He was there at the Battle of Port-Cros, and helped the unit take the island fortress in August 1944.
"It wasn't really a big battle," he says. "It wasn't that bad. We lost a few people, not many. Five or six."
The men in the 1st Special Service Force were particularly close, he says.
"The officers would help make your breakfast. Do guard duty. So, us knowing them in that manner, if they asked us to go to hell, we would go with them. We had that much faith in one another."
They went to hell. Day after day.
The main job of the brigade, White says, was not frontal attack but to sneak behind enemy lines and create as much havoc as they could.
That's where the name came from.
The story goes that someone found the personal diary of a German officer, who referred in the pages to his enemy as "die schwarzen Teufein" — the black Devils.
"The Devil's Bridge, that's what the German's named us," says Calgary's Bernard Cooper. "When we were in battle, we had blackened faces and camouflage uniforms."
White says back then, he and his fellow Devils rarely spoke about their growing reputation.
"You don't try to brag too much when you're still in up to your neck in machine-gun fire."
He was with the unit when it landed in and fought its way across southern France. He was there when the force was disbanded in November 1944.
'What nobody else could do'
The unit has been honoured before. It only took 65 years for members to get the bronze star. Now comes an even higher honour. The first Congressional Gold Medal was given to George Washington in 1776. Presidents Andrew Jackson and Ulysses S. Grant got them. So did generals Douglas MacArthur and John Pershing. The Wright Brothers got medals, as did Charles Lindbergh and Nelson Mandela.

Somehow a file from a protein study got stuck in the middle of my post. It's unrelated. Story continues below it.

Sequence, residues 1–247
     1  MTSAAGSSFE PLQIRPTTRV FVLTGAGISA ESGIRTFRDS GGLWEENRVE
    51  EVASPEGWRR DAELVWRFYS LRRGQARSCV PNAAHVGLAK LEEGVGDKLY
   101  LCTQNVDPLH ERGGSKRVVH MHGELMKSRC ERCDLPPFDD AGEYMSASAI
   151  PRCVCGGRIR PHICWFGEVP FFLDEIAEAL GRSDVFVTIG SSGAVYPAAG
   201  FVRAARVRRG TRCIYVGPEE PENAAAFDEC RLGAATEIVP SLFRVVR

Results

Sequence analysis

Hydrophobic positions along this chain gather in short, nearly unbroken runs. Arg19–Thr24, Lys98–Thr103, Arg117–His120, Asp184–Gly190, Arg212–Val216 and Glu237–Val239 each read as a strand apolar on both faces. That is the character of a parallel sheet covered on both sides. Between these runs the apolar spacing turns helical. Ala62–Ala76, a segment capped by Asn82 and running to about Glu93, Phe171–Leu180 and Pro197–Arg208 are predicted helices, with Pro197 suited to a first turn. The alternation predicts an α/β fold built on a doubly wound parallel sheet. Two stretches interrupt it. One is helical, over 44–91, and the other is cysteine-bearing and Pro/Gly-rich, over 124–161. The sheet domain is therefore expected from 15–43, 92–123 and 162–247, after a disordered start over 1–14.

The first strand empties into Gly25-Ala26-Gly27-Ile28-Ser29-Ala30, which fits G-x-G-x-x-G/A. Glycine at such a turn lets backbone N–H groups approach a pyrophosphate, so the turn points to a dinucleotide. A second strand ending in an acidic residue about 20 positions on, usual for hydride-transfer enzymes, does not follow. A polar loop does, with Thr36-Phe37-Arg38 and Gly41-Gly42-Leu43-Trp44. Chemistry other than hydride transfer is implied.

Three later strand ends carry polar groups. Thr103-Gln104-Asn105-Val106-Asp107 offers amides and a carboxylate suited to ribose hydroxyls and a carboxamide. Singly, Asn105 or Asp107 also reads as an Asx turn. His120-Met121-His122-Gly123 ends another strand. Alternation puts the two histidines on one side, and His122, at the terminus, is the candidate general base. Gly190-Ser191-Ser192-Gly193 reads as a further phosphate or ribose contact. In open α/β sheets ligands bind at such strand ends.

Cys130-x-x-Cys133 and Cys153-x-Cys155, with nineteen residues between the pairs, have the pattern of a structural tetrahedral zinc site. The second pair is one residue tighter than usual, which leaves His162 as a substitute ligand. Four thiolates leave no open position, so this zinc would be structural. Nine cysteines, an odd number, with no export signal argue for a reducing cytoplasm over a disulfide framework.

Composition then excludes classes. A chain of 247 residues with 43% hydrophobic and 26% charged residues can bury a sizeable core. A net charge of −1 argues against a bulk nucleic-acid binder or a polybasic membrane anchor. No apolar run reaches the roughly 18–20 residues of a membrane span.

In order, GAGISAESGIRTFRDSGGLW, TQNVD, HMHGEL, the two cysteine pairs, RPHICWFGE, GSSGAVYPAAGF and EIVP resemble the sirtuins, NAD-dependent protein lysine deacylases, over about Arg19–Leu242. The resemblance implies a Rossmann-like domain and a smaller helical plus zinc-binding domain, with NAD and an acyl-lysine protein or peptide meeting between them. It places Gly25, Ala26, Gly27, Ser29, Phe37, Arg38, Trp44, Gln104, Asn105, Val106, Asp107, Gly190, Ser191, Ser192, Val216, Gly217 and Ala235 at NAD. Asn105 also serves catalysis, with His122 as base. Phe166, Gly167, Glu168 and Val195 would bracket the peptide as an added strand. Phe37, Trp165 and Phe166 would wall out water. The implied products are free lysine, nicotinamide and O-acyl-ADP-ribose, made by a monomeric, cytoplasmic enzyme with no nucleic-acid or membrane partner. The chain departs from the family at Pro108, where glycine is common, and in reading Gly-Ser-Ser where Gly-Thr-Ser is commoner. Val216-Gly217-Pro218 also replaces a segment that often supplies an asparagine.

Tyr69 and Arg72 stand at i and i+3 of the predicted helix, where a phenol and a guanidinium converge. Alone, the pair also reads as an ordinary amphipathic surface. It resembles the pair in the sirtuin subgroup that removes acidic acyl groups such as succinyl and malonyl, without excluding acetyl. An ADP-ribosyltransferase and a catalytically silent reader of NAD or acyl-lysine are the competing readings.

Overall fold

White says he's proudest that this medal will be given to the whole brigade, to the unit itself, to all the members living and dead.
"They asked us to do what nobody else could do," he says. "And we did it. Not once, but many, many times."
He's disappointed that the Canadian government has never honoured the unit in a similar way. His own government, he says, gave them a button a few years ago, a copy of 1943 nickel with V on it.
"That's what we got from the Canadian government." He pauses, looks away. "And I don't care if they hear that." Then a grin breaks across his face.
Unlike White, Cooper, 97, won't be able to attend this week's ceremony.
"It's a big thing, because we deserve it," he says. "But it is a little late, as far as I'm concerned. If it had happened 50 years ago, I might be more excited about it."
Forty-seven members of the Devil's Brigade are expected to attend Tuesday's ceremony. There are a few other survivors, including Cooper, who are too frail or sick to travel.
Their story is an old one now. The Hollywood movie about their exploits, named after their brigade and starring William Holden, came out back in 1968.
For decades after his war ended, White rarely spoke about what he did, or what he saw.
"I don't know any veteran who came back from overseas, who was actually in battle, wanted to talk about it," he says. "When I got back, I didn't tell anybody that I'd ever been in the army. I don't know really why. I think in some cases, maybe we thought we might break down and cry."
So he'll worry about that on Tuesday; whether he will cry when the moment comes.
If he does, who could blame him?
A man who has been to hell is allowed a few tears, now and then.